Not quite 23 miles into the race and having just re-crossed Martin’s Point Bridge on his way back to Portland’s Back Cove, Spencer McElwain couldn’t resist a peek. He looked over his shoulder, straining in vain to see his closest pursuer.

“I had just dropped my slowest mile and I got kind of nervous,” he said. “That was just insecurity.”

McElwain, a 27-year-old native of Caribou who ran at the University of Maine and now lives in Portland, could be forgiven. After all, he was the fourth runner to assume the lead of Sunday’s 25th edition of the Maine Marathon.

There would be no fifth. McElwain reached the finish line with a 49-second cushion to win in 2 hours, 31 minutes, 36 seconds.

Runner-up Taylor Days-Merrill, 22, of Fairhaven, Massachusetts, led for the first eight miles before dropping to fourth place. Chris Harmon, 27, of Portland and Stefan Sandreuter, 22, of North Yarmouth also led the race at various points until McElwain took over at a water stop in Mile 16.

“I sped up to get water and then a gap kind of formed,” said McElwain, a former UMaine teammate and current training partner of Harmon. “I started feeling good. That’s when I started to get some of the (north-bound) marathoners and half-marathoners cheering me on. I got maybe too excited, because I felt it at the end.”

The women’s winner was Lauren Jackson, 36, of Augusta, New Jersey. A high school teacher and cross country coach, Jackson finished in 3:06:11 to win by more than 5 minutes over Samantha Johnson, 36, of Brookline, Massachusetts, with Hollie Corbett, 37, of South Portland taking third.

“I wasn’t expecting this,” Jackson said with a laurel wreath on her head and a bouquet of roses in her arms. “I made the trip alone. I have two young kids and a 6-hour drive is not ideal for them, so my husband stayed home with them. It’ll be a nice call home, that’s for sure.”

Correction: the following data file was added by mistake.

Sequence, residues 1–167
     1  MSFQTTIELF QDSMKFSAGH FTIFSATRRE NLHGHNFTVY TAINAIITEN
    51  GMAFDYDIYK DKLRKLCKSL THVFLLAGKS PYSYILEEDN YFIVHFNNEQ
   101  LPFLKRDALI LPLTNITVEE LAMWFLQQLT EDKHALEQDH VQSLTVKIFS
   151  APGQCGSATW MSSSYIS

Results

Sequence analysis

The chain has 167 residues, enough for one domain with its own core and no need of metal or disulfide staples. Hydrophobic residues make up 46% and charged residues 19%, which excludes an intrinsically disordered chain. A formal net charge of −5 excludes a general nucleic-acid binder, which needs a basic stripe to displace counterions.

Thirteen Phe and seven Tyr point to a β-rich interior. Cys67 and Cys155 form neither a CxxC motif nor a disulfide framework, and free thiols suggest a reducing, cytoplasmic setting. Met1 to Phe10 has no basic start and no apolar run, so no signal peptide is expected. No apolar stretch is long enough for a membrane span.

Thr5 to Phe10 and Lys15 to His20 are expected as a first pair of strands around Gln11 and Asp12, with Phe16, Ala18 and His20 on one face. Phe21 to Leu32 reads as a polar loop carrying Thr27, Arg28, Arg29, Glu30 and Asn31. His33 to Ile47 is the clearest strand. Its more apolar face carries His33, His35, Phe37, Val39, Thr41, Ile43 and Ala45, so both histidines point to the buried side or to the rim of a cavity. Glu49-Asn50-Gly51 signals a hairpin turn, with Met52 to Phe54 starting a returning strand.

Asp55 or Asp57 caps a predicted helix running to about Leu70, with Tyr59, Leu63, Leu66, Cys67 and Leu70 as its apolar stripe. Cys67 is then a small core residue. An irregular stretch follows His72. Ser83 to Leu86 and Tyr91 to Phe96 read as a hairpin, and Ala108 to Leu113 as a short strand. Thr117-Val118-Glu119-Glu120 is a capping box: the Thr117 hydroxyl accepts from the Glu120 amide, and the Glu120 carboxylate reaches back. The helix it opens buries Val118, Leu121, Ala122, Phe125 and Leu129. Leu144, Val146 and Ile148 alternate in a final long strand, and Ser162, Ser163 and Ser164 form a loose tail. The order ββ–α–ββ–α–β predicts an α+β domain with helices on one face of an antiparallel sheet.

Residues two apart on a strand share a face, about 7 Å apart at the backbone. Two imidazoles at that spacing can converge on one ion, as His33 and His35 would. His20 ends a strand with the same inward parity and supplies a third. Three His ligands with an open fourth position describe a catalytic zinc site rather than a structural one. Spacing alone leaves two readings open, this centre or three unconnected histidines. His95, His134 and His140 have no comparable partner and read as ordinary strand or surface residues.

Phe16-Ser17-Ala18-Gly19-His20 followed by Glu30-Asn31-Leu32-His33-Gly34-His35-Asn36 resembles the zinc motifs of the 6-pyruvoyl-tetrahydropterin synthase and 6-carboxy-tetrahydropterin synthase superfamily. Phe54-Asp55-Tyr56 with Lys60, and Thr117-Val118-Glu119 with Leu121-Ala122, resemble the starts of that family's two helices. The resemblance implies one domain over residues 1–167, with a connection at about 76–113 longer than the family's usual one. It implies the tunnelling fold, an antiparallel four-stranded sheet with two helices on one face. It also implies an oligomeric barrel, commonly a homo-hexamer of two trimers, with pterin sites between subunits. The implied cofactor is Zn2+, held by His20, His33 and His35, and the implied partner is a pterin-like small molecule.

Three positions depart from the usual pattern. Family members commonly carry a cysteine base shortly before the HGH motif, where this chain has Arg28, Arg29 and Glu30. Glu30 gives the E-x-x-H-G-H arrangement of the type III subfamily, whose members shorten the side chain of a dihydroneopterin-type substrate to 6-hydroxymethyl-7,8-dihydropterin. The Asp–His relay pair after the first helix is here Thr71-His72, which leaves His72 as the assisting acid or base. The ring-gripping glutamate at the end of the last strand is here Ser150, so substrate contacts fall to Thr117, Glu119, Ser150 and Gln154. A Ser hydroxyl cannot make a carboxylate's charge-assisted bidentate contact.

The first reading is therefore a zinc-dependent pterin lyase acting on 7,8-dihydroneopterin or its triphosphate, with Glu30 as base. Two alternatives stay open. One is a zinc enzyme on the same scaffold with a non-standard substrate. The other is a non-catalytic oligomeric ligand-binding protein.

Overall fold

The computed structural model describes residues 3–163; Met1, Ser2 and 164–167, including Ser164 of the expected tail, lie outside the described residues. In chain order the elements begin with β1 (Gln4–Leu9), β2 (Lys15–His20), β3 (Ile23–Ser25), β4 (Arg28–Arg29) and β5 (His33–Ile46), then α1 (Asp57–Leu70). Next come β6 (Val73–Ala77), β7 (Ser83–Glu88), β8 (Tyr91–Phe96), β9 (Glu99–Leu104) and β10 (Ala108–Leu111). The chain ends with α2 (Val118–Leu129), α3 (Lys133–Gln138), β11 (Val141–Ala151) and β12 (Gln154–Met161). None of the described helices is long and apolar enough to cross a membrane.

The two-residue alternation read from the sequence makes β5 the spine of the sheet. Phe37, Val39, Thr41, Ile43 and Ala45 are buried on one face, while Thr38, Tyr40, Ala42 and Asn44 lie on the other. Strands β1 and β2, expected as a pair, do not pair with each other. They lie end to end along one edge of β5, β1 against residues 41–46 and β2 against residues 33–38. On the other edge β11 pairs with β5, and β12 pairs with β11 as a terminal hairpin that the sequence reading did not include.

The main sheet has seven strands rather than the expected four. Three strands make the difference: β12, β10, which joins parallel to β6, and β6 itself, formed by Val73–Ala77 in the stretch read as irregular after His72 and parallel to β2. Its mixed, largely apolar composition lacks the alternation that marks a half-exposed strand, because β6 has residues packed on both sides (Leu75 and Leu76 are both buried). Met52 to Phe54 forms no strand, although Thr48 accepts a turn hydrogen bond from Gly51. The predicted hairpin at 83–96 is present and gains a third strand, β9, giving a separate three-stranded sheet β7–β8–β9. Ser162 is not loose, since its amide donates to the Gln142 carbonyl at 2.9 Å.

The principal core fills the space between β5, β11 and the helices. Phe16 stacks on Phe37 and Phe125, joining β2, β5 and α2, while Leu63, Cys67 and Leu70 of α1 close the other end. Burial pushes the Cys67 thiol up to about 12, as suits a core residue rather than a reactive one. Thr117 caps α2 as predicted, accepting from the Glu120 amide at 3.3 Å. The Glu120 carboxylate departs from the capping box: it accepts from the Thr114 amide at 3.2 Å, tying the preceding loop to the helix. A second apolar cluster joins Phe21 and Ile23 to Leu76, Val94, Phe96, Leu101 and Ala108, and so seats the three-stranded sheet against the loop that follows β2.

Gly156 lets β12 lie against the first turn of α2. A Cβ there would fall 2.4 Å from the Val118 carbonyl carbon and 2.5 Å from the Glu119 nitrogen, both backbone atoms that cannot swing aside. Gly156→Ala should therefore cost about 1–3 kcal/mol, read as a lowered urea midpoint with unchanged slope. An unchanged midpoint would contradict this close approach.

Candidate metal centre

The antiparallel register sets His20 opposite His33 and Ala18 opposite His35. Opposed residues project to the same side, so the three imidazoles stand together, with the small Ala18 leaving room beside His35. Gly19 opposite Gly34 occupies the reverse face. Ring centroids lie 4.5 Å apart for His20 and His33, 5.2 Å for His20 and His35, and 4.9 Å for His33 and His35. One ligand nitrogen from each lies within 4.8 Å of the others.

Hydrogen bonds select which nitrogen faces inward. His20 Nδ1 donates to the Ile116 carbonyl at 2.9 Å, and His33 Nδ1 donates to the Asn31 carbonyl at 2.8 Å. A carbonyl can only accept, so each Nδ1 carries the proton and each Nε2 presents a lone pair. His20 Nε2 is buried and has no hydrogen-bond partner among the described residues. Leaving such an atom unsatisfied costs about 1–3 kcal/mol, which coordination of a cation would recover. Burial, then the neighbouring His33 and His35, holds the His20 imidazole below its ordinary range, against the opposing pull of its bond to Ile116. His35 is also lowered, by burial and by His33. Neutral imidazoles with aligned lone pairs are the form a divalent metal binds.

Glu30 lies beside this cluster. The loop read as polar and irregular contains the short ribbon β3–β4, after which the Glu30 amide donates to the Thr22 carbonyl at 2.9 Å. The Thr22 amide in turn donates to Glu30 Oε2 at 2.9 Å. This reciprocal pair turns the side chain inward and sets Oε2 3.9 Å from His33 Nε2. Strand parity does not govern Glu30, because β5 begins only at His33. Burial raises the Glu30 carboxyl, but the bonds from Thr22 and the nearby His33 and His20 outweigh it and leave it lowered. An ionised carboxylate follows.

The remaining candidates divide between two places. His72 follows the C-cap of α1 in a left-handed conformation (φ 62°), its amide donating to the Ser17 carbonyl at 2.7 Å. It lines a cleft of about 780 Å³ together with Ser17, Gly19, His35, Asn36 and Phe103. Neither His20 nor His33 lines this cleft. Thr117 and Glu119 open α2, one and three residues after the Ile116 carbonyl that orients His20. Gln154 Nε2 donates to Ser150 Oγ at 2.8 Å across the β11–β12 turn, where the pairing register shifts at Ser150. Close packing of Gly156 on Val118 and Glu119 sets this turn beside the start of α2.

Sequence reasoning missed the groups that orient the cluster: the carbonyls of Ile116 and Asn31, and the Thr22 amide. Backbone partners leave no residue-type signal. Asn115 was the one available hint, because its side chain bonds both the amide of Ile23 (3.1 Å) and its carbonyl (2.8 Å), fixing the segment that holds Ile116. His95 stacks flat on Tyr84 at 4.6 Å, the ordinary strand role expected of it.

Maine was simply No. 21 on Jackson’s bucket list of running a marathon in all 50 states. Two weeks ago, she checked off West Virginia.

“Those last 6 miles,” she said, “reminded me I was still a little tight.”

Both McElwain and Jackson received $1,000 for first place. Days-Merrill and Johnson took home $500 for second and Harmon and Corbett $250 for third.

Conditions were ideal for running, less so for spectators. Temperatures remained in the low 50s throughout the morning with occasional misty rain.

“There wasn’t too much wind or anything,” said Jonny Wilson, 28, a Falmouth native who now lives in Flagstaff, Arizona, and might have been the only runner wearing dark shades on a decidedly gray morning. “I always wear sunglasses. It just helps me relax more. Even with the mist, it may fog up the sunglasses a little bit, it still keeps the rain out of my eyes.”

Wilson won Sunday’s concurrent Maine Half Marathon in a course-record time of 1:06:38. Louie Luchini of Ellsworth established the previous mark of 1:06:56 in 2009. Over a different route, back in 1994, Jose Rocha of Peabody, Massachusetts, won in 1:06:23.

“The hills in the middle portion in Falmouth cost me a bit,” Wilson said. “I think at about 11 miles, if I could hold to a 5-minute (mile) pace I could have got (the old-course record) but I wasn’t quite able to.”

His main goal, however, was Luchini’s record. To maintain a 5:05 mile pace for so long, Wilson needed help.

“I’ve run these roads my whole life,” he said. “A lot of people knew who I was and were cheering for me and pushed me along. That makes a big difference when you’re running that far, that hard, by yourself.”

Not quite 6 minutes behind Wilson was runner-up Moninda Marube, 37, of Auburn, winner of the 2014 Maine Marathon. Scott McArthur, 26, of Cambridge, Massachusetts, was another half a minute behind in third.

Michelle Lilienthal, who decided only Thursday to use the half marathon as “progression run” in her marathon training, took first place among women in a time of 1:18:30. Sheri Piers of Falmouth and Erica Jesseman of Scarborough ran alongside Lilienthal, of Portland, until the Half Marathon turnaround point on Route 88 in Falmouth.

“They have races coming up,” Lilienthal, 34, said of Piers (New York City next month) and Jesseman (Hartford next weekend). “Their plan was to be reserved. I knew I wanted to push the second half.”

First prize for Lilienthal and Wilson was worth $500. Piers and Jesseman earned $250 and $150 for second and third, each a little more than two minutes behind Lilienthal.

Results.